Retired Supreme Court Justice Sandra Day O’Connor is under fire for continuing her political advocacy while she continues to hear cases in U.S. appellate courts. In a prior column, I criticized the increasingly public and political profiles of current justices. O’Connor was viewed as a justice who, while on the court, maintained a “base” and an active speaking schedule. Various critics have now noted with good-faith concern that O’Connor is lending her name to political causes while sitting as a federal judge.
The interesting twist is that Supreme Court justices are not subject to the same rules of ethics as lower court justices. However, O’Connor is no longer a justice and sitting as a lower court judge. She should, therefore, be subject to the same ethical rules as her fellow panelists. As such, these campaigns are clear violations of the neutrality demanded for federal judges.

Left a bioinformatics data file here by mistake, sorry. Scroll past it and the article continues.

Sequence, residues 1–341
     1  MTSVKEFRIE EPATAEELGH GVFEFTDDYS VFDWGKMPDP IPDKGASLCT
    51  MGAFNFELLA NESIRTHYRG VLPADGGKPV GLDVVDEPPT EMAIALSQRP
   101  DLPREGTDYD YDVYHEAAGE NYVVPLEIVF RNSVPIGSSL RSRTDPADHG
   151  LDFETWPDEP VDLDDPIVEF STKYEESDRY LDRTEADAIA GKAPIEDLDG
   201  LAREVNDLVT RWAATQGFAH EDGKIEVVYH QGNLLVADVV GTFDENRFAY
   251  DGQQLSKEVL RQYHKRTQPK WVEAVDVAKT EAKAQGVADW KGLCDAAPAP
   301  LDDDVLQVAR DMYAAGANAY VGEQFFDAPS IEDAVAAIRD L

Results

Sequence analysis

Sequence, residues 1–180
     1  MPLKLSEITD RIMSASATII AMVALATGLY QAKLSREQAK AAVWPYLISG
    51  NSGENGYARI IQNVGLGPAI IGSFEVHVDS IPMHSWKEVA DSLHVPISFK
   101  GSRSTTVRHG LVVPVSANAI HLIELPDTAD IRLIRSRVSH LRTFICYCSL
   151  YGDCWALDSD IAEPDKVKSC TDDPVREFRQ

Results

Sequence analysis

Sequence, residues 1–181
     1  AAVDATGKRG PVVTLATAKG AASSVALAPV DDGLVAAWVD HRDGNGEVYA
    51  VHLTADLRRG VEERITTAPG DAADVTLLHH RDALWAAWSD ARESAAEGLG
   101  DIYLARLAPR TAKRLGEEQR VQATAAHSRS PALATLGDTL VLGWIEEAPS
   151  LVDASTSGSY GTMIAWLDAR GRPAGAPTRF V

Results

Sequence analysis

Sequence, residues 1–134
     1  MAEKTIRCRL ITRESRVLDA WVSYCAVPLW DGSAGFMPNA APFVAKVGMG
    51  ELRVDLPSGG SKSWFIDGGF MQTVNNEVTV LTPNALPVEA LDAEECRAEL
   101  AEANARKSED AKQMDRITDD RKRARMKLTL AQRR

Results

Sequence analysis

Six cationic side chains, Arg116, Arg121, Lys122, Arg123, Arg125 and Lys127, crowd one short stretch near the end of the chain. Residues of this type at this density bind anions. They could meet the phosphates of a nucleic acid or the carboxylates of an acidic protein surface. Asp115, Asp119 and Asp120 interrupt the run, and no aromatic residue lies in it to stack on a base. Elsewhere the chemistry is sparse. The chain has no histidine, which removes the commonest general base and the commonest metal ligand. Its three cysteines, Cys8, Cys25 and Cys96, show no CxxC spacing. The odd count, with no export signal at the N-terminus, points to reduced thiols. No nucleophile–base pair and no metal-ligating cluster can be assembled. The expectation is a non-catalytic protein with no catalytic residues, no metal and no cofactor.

The tipping point for O’Connor came with 50,000 recorded telephone calls made to Nevada voters supporting a ballot measure to change the way state judges are selected — many of which came in after midnight. O’Connor insisted that she did not authorize the calls, even though her voice was used on the calls. She did not deny that she did a television commercial, however, in support of the campaign.
O’Connor also hosted a reception at the court that was billed as a celebration of Bristol Bay in Alaska. But the featured speakers, other than O’Connor, were opponents of a proposed Alaskan copper and gold mine.
O’Connor was the majority leader of the Arizona State Senate. Her partisan inclinations were evident on election night when CBS reported that Al Gore had won Florida in 2000. O’Connor reported exclaimed “This is terrible.” She went on to vote in favor of Bush in the controversial Bush v. Gore decision. However, she recently opined that the decision may have been wrong.
While I was critical of O’Connor’s often conflicting opinions as a justice, I happen to like many of her causes as a citizens. However, she has to decide if she wants to be an advocate (a worthy function) or a federal judge. By hearing cases, O’Connor continues to earn salary increases on top of her $213,900 salary.